About the CIS Controls Assessment Specification¶
The CIS Controls provide essential best practices that organizations can implement to improve their cybersecurity posture. In addition to implementing the CIS Controls, it is also important that organizations measure their implementations to ensure that Safeguards are in place and working properly. The purpose of the CIS Controls Assessent Specification (CAS) is to provide a common understanding of what should be measured in order to verify that CIS Safeguards are properly implemented. The hope is that those developing related tools will then build these measures into their tools so that the CIS Controls are measured in a uniform way.
Note that the focus of CAS is on “what to measure” rather than “how to measure”. With the goal of being platform agnostic, a conscious effort was made to avoid addressing the “how to measure” in writing CAS, leaving those platform specific details to specific implementations of these measures. Tool developers will determine the “hows” that are appropriate for their tools and use cases.
The CIS Controls provide cybersecurity best practices designed to help organizations of all types secure a wide variety of systems. Because the CIS Controls cover so many security topics, and apply to such a wide variety of hardware and software that can be used in many different ways, measuring the CIS Controls is a complex challenge. Different approaches to measuring the Controls can result in multiple ways of measuring the same Sub-Control.
One useful distinction is measuring whether a Sub-Control has been implemented vs. measuring how well the Safeguard was implemented. Measuring whether a Safeguard is implemented need not be a binary yes or no; for instance, it could be a numerical score indicating how many endpoints in an environment have implemented that Safeguard. Measuring how well a Safegaurd is implemented looks more to the intended effect of the Safeguard examining whether the desired security gains are being realized. Measuring whether a Safeguard is implemented often involves checking whether something is configured in a certain way, while measuring how well often requires more involved checks including more active testing.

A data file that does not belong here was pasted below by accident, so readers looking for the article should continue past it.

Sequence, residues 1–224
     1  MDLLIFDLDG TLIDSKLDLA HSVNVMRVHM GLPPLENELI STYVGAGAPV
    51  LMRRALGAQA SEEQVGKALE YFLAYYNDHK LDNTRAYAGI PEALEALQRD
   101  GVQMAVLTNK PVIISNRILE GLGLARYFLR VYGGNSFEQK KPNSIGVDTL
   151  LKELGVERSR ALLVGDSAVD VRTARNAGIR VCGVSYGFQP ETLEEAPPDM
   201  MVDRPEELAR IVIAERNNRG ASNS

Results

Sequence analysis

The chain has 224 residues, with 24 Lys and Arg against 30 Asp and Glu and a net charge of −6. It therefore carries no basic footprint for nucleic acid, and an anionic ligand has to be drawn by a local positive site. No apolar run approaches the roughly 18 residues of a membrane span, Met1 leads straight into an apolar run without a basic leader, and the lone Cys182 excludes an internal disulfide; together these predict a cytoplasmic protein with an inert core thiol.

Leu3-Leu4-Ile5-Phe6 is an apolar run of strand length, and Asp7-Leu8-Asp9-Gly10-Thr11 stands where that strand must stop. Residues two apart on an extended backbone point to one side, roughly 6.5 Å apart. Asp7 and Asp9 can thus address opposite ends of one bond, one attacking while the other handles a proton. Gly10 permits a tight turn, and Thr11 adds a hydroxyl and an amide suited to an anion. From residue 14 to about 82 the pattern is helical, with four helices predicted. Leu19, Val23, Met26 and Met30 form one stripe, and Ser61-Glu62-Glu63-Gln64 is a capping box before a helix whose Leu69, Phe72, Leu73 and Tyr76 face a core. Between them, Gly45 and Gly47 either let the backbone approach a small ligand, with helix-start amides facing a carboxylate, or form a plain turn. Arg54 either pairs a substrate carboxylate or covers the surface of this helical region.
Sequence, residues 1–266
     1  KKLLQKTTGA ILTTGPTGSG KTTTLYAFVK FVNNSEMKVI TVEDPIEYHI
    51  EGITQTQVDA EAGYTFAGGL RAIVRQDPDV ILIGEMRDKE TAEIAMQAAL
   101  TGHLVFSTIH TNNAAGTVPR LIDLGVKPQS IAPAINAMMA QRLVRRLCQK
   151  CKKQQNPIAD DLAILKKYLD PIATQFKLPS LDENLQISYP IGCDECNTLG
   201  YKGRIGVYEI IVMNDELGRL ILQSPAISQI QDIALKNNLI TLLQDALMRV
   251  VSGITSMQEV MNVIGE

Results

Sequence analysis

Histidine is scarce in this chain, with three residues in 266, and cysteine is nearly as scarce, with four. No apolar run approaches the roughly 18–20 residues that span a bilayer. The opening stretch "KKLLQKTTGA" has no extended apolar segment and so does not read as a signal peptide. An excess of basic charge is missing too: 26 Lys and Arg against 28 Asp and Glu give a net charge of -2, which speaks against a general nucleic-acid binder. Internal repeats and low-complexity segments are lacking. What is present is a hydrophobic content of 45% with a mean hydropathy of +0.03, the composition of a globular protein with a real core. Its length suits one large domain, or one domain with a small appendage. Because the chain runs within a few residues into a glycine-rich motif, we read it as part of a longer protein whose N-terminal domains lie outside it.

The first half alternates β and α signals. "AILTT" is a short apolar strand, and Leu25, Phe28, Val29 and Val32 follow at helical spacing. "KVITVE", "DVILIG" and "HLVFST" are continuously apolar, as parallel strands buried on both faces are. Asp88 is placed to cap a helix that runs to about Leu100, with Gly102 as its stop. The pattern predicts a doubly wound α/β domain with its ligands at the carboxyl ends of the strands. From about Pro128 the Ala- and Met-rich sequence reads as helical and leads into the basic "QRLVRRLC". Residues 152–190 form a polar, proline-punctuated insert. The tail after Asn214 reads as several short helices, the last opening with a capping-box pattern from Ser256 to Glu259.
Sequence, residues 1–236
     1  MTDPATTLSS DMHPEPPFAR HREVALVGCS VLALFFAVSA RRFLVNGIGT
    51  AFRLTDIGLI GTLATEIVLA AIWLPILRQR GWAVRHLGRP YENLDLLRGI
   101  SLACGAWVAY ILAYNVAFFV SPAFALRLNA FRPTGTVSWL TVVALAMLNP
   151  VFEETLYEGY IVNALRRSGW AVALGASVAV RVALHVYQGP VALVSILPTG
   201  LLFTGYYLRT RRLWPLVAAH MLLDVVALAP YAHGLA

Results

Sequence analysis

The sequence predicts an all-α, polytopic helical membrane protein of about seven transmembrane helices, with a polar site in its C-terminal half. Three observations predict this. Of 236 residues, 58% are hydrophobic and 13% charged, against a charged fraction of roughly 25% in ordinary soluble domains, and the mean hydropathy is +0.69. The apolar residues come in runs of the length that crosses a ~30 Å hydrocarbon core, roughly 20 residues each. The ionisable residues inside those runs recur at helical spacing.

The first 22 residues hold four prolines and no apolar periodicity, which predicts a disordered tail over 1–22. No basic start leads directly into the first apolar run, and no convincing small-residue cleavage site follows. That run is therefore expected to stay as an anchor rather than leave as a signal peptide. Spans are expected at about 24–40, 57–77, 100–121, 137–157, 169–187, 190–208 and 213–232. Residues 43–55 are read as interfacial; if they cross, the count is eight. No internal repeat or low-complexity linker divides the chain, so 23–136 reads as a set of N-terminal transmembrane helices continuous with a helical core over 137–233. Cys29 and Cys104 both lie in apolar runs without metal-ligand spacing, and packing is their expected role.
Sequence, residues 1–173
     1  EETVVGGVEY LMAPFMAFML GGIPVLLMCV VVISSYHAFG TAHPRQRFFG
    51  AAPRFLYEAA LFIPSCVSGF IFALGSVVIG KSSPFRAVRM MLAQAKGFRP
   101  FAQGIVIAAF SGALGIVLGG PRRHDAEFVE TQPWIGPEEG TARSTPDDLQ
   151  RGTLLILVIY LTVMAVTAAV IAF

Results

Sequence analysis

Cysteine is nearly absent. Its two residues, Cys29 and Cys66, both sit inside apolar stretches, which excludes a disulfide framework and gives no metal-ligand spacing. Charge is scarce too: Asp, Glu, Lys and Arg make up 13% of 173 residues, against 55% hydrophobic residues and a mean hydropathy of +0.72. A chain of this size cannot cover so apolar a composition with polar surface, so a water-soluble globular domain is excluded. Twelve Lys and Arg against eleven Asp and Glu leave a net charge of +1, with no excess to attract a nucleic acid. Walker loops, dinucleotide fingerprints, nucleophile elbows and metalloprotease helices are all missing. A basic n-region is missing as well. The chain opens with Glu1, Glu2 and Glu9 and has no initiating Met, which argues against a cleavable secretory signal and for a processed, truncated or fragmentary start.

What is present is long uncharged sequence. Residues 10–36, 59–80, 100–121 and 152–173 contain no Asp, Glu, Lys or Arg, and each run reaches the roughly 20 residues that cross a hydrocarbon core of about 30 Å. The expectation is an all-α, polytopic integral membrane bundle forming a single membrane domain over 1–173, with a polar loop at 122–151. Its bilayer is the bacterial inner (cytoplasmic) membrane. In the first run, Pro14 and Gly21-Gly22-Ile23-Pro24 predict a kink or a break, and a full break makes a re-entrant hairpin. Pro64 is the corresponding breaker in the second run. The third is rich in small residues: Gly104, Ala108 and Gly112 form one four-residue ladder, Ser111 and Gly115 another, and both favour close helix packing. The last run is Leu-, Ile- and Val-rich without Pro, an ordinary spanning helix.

While both of these measurement approaches are useful and have their place, for this first version of CAS, we have focused on measuring whether a Safeguard has been implemented (which we have termed Level 1 checks). It is our hope that future versions of CAS will expand to include measurements of how well a Safeguard is implemented as well (which we have termed Level 2 checks).
Specific configuration details are not specified in CAS, as these would vary from platform to platform, and would encroach on “how to measure”. When there are multiple ways to implement a Sub-Control, CAS attempts to be generic enough to cover these varying methods in its measures. Where assumptions are made, CAS attempts to explicitly state them.
Structure of a Safeguard Measurement¶
This section describes the standard structure of a Safeguard Measurement in CAS.
Basic CIS Safeguad Information¶
This section includes the Safeguard number, title, description, asset type, security function, and implementation group. This information matches the information in the CIS Controls v8.0 document.
Assumptions are provided inside of the section to which they are most applicable, or not in any specific section if they are general to the entire Safeguard measurement.
This is an optional section that may not appear for all Safeguard measurements. When present, this section lists any other Safeguard that are prerequisites for measuring this Safeguard. Completion of the Safeguard specified in this section will typically generate data necessary as an Input for measuring this Safeguard.
This section includes the data that is expected as an input in order to measure this Safeguard.
This section specifies actions to be performed on the inputs in order to generate the measures. The operations provide a linkage between the inputs and measures.
This section describes the information that should be measured, generally as a result of performing operations on the inputs. Measures are combined to form metrics.
This section describes standard metrics that can be calculated from the measures, providing a description of the metricalong with the formula for calculating the metric. In general, CAS attempts to frame metrics in a positive light - i.e., the ratio of items that are compliant with the Safeguard (as opposed to the ratio of items that are not compliant). The provided metrics are not meant to be an exhausive list of metrics, rather it is just meant to list some examples of common metrics that are likely to be useful. The hope is that if appropriate measures have been defined, other metrics can be built from those measures to suit different use cases.
This is an optional section that may not appear for all Safeguad measurements. When present, this section describes a manual review of a procedure that helps fulfill the Safeguard.
CAS follows a semantic versioning approach based on semver.org and having the following format: major.minor.point.
- Major: Significant and material changes to * The organization of the document * Structure of sub-control measures * Inputs, measures, metrics on the whole
- Minor: Material changes to parts of sub-control measures or metrics
- Point: Immaterial changes, such as prose typos, document look and feel